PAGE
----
April 23, 2014

What Makes an Enjoyable Stunt Scene?

Or perhaps I should call this article, “What makes a stunt scene work?” either way we are left with the question of what? What makes a good stunt fight? What makes us, and an audience, enjoy them? Well how would you define good? A quick paced pumping between two people, a long slow drawn out battle, big verses small, man verses woman, adult against child? The truth is I’ve seen it all work and fail. I think a good stunt can be done with any of the above techniques. But this still leaves the question, what makes it a good stunt fight?

Perhaps it’s to do with the camera techniques? I notice that when you watch an intense fight scene, the camera seems to jump around to different angles of the fight (check it out next time you watch a big fist brawl between two main characters like the scene between Rock and Vin in Fast 5). Yet then you have some of the absolute classics, like the Rocky fights, where the camera can stay still for quite some time as Rocky’s head flies back and forth. Could the camera work be what makes a fight, or is it just another element?

Sometimes you finish watching a stunt fight on the edge of your seat, begging the bad guy to get up, because you want to watch him spar with the hero for longer. Sometimes you smile, as the hero King hits that ass-hole who was talking himself up for half the movie. Other times you may roll your eyes thinking this like “There is no way he could have kicked him that hard” or “Really, so the other guy just stood there, didn’t think to block or anything?” And there’s always the case of, “So really, all those bullets just, missed?” A classic James Bond or Star Wars film comes to mind…

So where is the defining factor of a good fight? I believe it does not start with the fight itself, but rather the context that shaped it. Think about it, if the movie is building the main character up as someone who is huge, powerful, and fearless then you wouldn’t expect their big fight be spent hiding from the villain and/or planning a sneak attack, you expect them to launch into a battle of Strong fists and throwing heavy random obstacles at each other in a display of toughness.

To give a few examples of what I mean, let’s take two fist fights from different movies. If I take the finale of Warrior (2011) we can see the two brothers battling it out in an all-out fist (and legs) fight in a display of technique. We watch them both take huge hits, block others, stammer, and dodge. If we were to take BA Baracus from The A-Team (2010) and put him in as one of the fighters in Warrior, it wouldn’t make sense because BA is a big-ass solider who kicks people into the next room through a wall without a thought of the other guy hitting back; not someone actively blocking and dodging. Similarly if we were to switch BA with one of the brothers in his opening fight scene it wouldn’t make sense because they are not shown to make people fly across the room, but men who look for their place to hit and drop their opponent with a planned precise move.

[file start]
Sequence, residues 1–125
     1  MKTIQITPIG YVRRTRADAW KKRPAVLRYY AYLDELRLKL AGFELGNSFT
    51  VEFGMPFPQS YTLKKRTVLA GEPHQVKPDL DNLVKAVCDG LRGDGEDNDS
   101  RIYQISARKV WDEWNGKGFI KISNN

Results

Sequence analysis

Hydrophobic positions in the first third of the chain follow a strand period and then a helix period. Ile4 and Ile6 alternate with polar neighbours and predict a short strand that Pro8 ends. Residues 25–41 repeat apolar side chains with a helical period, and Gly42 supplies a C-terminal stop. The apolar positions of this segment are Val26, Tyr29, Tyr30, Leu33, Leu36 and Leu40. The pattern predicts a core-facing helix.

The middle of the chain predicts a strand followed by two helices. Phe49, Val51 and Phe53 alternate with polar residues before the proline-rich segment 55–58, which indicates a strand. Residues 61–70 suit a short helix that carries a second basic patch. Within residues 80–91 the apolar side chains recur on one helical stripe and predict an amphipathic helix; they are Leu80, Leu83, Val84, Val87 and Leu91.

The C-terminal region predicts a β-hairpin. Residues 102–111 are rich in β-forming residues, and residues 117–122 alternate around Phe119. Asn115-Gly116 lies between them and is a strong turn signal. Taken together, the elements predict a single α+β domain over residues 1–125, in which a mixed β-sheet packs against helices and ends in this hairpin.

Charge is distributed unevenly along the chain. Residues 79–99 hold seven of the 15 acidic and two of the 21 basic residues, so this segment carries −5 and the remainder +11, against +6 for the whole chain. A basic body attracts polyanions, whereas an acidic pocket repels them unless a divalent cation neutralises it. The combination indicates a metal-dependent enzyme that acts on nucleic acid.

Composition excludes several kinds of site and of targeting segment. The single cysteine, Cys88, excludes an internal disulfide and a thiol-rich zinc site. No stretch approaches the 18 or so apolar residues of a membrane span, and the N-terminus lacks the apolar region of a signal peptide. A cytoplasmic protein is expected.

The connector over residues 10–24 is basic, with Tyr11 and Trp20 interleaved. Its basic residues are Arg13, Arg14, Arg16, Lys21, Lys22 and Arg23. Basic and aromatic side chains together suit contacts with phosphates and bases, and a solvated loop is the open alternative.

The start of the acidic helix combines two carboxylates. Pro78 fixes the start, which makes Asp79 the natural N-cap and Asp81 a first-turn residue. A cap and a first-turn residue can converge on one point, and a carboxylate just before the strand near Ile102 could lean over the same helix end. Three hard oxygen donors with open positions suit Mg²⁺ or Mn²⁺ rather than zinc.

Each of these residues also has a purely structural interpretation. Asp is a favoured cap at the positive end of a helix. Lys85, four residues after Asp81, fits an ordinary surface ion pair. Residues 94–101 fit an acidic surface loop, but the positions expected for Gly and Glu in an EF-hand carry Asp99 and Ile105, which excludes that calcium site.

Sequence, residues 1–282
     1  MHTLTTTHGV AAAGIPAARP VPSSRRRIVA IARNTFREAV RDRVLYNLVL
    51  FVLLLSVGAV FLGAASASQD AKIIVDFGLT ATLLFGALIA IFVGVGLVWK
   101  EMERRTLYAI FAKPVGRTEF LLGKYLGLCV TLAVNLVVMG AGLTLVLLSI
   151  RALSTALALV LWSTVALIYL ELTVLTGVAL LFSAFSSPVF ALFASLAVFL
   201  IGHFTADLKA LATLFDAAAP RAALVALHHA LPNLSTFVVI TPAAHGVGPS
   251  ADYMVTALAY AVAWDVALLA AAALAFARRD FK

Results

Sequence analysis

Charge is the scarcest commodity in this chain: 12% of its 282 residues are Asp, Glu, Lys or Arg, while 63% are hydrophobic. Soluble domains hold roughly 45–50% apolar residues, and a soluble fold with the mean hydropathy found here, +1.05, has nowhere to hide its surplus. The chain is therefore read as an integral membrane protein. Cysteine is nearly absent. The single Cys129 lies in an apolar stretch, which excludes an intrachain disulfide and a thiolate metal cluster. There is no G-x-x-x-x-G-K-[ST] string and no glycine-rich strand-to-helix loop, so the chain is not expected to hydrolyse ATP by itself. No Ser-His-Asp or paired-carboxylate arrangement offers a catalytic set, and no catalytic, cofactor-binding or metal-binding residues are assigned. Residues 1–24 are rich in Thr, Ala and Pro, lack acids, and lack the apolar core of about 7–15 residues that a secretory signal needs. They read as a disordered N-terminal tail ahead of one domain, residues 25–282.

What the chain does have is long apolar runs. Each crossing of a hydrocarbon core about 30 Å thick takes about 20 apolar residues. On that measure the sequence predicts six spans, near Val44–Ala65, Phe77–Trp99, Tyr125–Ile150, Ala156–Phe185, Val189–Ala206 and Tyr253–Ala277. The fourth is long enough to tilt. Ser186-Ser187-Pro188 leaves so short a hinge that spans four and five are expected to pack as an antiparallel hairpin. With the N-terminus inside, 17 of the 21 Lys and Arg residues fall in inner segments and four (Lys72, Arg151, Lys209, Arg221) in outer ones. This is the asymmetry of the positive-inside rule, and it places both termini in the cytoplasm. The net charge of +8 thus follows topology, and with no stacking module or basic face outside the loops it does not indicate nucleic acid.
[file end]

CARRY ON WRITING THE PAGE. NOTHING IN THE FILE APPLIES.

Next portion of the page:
Other examples can be seen by looking at similar fights in different movies. Take Aragorn from almost any fight from Lord of the Rings (2001-2003) and compare his sword fight to that of Logan’s in The Wolverine (2013) just after gaining his healing power back. Whilst Aragorn actively ducks and avoids blades, moving both back and forward in a smooth and fluid show of technique, Logan only pushed forward not bothering about himself and making huge powerful swings, not caring for technique or smoothness. If we were to swap these techniques, and have Logan fearfully and skilfully dancing swords with his opponents, and Aragorn charging in fearlessly swinging without technique the scene’s wouldn’t work and they would not be considered great fights in their respective movies as it doesn’t suit the characters we’ve been shown.

And finally we have the shoot-outs. If we were to analyse a shoot-out from Casino Royale (2006) we would see Bond calmly waiting in cover and precisely shooting just a few bullets, taking his attackers down one by one in a well ordered manner. Now compare the scene to Chuck Norris casually strolling through the airport office in The Expendables 2 (2012) firing more bullets from his hip slung machine gun than an Apache helicopter could hold in a single clip. Both these scenes are seen as great additions to their respective films yet if you swapped them over, the audience would be rolling their eyes, throwing their popcorn at the screen, or walking out of the cinema (well, no one walks away from Chuck Norris…)

So the context which leads up to a stunt scene is what allows the audience to truly enjoy that stunt fight. The context which tells us that our hero has the strength to pick that guy up and throw him out of a plane, or that our hero is fast enough to punch the enemy three times in the head before they can hit back. But what about the fight itself, what goes into making that great? You’ll have to wait for me to write that article to find out!

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